Open-ended questions are tough. Depending on which lens you view the last year through, ‘2013 was the year of…’ could be answered a lot of different ways. We can view the last year through our personal experiences as gamers, as industry watchers, as developers, as financial analysts – everybody wears a different hat, and everyone’s ‘2013 was’ would be different.

As the Editor-in-Chief of Gamezebo, these are mine. There’s a mix of industry observation, personal feelings, and unavoidable truths – but what I really want to write about are YOUR thoughts on what 2013 was the year of. Unfortunately for me, the only one who can do that is you.

Once you’ve read through my thoughts on the year, let us hear yours in the comments below! What do you think 2013 was the year of?



LucasArts’ untimely demise.  Mergers and acquisitions make the world go round. Ask any good capitalist and they’ll tell you the same. So when Disney bought LucasFilm in 2012 (and scored themselves a little film franchise called Star Wars in the process), gamers instantly found themselves wondering what this might mean for its subsidiary LucasArts.

Since Disney already has its own game development studios and is more than happy to partner with third-parties when the situation calls for it, you can probably guess where this one is going. On April 3rd, Disney announced that LucasArts would be closed for good. For classic gamers, this was a heartbreaker. This is the studio that gave birth to brilliant game creators like Tim Schafer and Ron Gilbert. Though if we’re being honest, in my heart, LucasArts died more than a decade ago – back when they shifted their focus from creating wonderful original games to churning out as many products as they could with the words ‘Star Wars’ on the box.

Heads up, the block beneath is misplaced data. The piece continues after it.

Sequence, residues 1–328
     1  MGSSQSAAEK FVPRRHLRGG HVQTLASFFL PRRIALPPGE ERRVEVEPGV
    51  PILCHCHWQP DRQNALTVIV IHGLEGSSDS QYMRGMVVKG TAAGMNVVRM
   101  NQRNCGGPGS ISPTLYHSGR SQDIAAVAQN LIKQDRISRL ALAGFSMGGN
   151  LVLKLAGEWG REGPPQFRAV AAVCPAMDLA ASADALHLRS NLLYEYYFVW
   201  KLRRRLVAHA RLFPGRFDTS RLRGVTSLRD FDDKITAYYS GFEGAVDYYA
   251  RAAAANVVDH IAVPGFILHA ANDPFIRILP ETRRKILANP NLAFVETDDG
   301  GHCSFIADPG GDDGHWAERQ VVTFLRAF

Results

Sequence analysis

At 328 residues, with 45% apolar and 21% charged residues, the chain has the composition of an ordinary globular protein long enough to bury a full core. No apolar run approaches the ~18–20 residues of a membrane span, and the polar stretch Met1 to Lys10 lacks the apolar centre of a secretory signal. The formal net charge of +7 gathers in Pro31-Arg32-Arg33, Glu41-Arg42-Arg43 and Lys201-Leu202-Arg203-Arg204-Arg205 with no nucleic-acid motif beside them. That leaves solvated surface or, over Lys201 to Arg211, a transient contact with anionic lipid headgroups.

LucasArts still lives on as a brand, though in little more than a logo. You can see it most recently attached to the Disney Mobile/NimbleBit co-production Tiny Death Star. If you’re longing for the days of classic LucasArts, might I recommend giving Rogue Leaders a read? It’s the definitive story of LucasArts – though considering what happened this year, I think it needs a new final chapter.



(Image credit)

Developers giving up on Facebook. There was a time when everyone and their mother was racing to have the next big hit on Facebook. It was a time when Zynga dominated the market, and smaller players like Playdom and Playfish were establishing their own names on the service. These last two companies were eventually bought out by Disney and EA respectively in an attempt to dominate Facebook like no others could – but in 2013, everyone seems to have given up. Noteworthy Facebook game launches are the exception rather than the rule, now, and the launches that do happen are either simultaneously launched on mobile or destined for a mobile release if they prove successful.

Candy Crush maker King is #1 on Facebook nowadays, and you don’t have to look much further than their strategy to see where Facebook now falls in the scheme of things. They create an idea on, and if it succeeds they make it a much bigger game for mobile. In between these two waypoints, the bigger mobile game is first launched as a Facebook title so that they can work out the kinks and smooth it into a better experience. Do you hear that, Facebook? You’re where King soft launches its games for testing.